Why identify which level you’re at?
The need to know your baseline analytics maturity comes back to the need to have a clear data analytics strategy. You can’t put together a proper strategy unless you know and understand what your maturity level is. If you don’t know where you are starting from then you can’t define where you want to go, or confirm when you’ve got there.
Your data analytics strategy will and should be multi-dimensional. A linear strategy that attempts to move from A to B will ultimately fail, as your organization will have multiple data-related priorities in various areas of the business. Instead, you’ll need to work on multiple fronts. There will always be things to be done immediately, such as a high-risk compliance problems that need solving. Then you’ll have some quick wins: probably tasks that are easy to pick up and use (these can help you the most in showing the data team is adding value). Meanwhile, your underlying long-term strategic target to build all your real competencies and grow your baseline maturity will be bubbling away in the background. At some point, those quick wins will disappear, the urgent fixes will be gone, and you’ll focus on the strategic baseline work 80% of the time. That’s the theory, anyway.
But, it’s complicated
It’s probably worth clarifying at this stage that it’s very rare for one data maturity level to apply across a whole business. Normally different parts of the business will start at different levels and probably have different aspirations. For example, maybe HR doesn’t want full AI/ML and just needs a couple of reports. But the marketing or finance teams have bigger aspirations.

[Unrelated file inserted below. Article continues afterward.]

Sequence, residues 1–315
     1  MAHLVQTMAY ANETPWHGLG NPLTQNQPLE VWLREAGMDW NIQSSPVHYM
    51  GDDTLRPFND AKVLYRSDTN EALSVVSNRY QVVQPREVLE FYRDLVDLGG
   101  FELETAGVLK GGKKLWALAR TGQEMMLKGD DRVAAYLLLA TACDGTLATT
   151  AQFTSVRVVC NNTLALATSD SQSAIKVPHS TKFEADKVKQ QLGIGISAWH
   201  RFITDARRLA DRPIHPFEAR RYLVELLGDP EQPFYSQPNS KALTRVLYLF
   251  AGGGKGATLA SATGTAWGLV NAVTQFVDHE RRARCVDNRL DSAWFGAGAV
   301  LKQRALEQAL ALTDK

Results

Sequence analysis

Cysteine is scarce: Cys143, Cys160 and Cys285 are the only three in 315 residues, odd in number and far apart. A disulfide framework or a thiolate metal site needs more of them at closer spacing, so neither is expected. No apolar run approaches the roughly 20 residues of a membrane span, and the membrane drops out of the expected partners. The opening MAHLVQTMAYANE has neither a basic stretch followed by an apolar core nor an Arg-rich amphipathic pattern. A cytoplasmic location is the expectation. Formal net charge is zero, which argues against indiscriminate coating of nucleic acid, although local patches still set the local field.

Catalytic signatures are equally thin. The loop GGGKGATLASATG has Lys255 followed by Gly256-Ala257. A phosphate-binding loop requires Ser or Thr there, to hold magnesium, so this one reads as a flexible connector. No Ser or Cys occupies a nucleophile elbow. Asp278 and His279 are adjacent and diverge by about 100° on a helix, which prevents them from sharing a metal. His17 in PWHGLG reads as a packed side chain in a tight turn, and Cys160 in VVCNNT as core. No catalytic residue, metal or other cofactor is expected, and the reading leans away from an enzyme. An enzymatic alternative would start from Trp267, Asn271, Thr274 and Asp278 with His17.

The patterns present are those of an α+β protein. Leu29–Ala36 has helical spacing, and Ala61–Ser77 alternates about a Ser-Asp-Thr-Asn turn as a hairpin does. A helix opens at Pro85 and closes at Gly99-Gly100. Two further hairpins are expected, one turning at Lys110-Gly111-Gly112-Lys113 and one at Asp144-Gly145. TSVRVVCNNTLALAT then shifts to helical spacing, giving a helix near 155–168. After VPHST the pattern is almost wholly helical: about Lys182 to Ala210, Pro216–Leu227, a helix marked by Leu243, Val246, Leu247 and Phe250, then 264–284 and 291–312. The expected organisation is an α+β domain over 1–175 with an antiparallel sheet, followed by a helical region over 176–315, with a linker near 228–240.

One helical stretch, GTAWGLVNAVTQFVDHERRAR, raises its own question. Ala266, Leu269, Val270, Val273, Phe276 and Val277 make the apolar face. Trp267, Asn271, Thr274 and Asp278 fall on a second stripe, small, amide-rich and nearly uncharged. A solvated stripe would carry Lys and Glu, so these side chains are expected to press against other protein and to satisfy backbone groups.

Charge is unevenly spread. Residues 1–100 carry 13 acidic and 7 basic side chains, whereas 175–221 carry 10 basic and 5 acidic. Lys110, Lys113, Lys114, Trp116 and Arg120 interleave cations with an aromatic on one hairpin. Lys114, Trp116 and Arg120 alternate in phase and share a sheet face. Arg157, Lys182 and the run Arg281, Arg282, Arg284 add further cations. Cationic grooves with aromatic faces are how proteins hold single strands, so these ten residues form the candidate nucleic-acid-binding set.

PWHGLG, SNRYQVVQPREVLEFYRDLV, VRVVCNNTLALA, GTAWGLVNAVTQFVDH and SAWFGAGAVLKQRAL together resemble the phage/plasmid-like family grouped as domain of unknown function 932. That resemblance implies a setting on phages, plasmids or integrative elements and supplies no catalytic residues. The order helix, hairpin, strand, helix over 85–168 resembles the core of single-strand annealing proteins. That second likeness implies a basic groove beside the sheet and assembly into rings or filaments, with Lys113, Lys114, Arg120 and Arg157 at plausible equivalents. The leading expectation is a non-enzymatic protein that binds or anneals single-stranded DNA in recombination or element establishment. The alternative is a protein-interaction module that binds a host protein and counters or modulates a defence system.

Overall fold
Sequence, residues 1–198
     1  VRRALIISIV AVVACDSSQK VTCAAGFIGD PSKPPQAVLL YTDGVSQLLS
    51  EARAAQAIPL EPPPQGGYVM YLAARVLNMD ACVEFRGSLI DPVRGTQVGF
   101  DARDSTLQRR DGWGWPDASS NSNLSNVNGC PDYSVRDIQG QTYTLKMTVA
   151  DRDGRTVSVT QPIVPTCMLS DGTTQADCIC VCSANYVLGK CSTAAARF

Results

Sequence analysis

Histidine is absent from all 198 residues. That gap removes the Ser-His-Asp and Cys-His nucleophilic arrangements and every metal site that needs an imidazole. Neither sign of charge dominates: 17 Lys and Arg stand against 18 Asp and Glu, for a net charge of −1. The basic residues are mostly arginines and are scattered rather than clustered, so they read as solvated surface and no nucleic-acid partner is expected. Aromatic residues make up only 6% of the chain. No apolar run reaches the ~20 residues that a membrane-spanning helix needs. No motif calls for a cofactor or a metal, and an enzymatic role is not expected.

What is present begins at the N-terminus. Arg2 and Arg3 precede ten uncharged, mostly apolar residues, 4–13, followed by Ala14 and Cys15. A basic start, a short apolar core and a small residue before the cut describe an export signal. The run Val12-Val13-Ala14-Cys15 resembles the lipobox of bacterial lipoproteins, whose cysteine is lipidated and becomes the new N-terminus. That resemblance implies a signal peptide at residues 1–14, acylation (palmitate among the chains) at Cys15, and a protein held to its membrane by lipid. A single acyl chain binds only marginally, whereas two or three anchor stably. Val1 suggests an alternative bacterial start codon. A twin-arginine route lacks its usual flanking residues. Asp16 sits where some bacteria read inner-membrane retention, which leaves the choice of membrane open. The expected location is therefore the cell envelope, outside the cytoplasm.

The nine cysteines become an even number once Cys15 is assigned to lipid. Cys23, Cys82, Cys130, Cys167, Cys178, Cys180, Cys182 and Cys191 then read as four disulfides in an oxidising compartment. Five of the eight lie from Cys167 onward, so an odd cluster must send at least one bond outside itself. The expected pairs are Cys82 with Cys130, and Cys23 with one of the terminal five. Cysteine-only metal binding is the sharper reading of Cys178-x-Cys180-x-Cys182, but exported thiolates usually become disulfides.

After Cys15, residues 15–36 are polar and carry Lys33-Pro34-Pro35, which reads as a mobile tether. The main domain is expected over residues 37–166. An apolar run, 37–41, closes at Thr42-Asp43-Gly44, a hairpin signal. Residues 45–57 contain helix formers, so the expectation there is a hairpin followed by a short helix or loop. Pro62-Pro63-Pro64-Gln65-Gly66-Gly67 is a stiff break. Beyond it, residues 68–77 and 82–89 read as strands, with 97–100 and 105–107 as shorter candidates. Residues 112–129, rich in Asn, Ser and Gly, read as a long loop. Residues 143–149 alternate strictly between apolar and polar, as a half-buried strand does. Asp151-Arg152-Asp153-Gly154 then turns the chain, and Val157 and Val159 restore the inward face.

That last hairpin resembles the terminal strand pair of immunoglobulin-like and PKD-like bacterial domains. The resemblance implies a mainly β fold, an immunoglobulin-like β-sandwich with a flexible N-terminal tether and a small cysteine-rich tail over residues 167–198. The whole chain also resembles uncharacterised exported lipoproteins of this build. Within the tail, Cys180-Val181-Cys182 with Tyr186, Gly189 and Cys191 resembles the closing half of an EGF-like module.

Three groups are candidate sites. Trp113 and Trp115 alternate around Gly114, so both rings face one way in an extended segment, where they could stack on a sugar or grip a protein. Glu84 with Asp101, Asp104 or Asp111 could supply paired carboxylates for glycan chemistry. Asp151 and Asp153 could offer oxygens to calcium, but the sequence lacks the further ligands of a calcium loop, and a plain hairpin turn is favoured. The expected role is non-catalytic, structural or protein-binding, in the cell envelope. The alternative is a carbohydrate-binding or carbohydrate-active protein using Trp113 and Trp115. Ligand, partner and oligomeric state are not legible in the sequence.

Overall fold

It’s also important to understand that the journey through the maturity levels isn’t always straight. Sometimes you might even go backwards, for example when you have to re-platform, or when you first move to the cloud. You’ll also spend a lot of time going sideways and rebuilding to align with changes in your organisations enterprise strategy.
The good news is that regardless of your maturity level, your roadmap or the issues you’re facing, Exasol can help you grow and move through the levels – to ultimately help you achieve your goals via the quickest, straightest path possible. There are no barriers to entry. Exasol is a fast, flexible and proven platform used by some of the most ambitious businesses in the world. Working on-premises, in the cloud or in a hybrid role, Exasol provides the analytics solution that grows and adapts to the aspirations and direction of any organisaton.
The truth is that everyone would like to move up to the highest maturity levels, but in most cases, they don’t have the tools, the people, or culture in place to make it happen. Although there are a lot of ways to become a data mature business, it’s not always a linear path and it’s not going to happen overnight. With each level of analytics maturity reached, you’ll need to support data democratization by enabling more people to not only access data but empowering them to do something smart with it.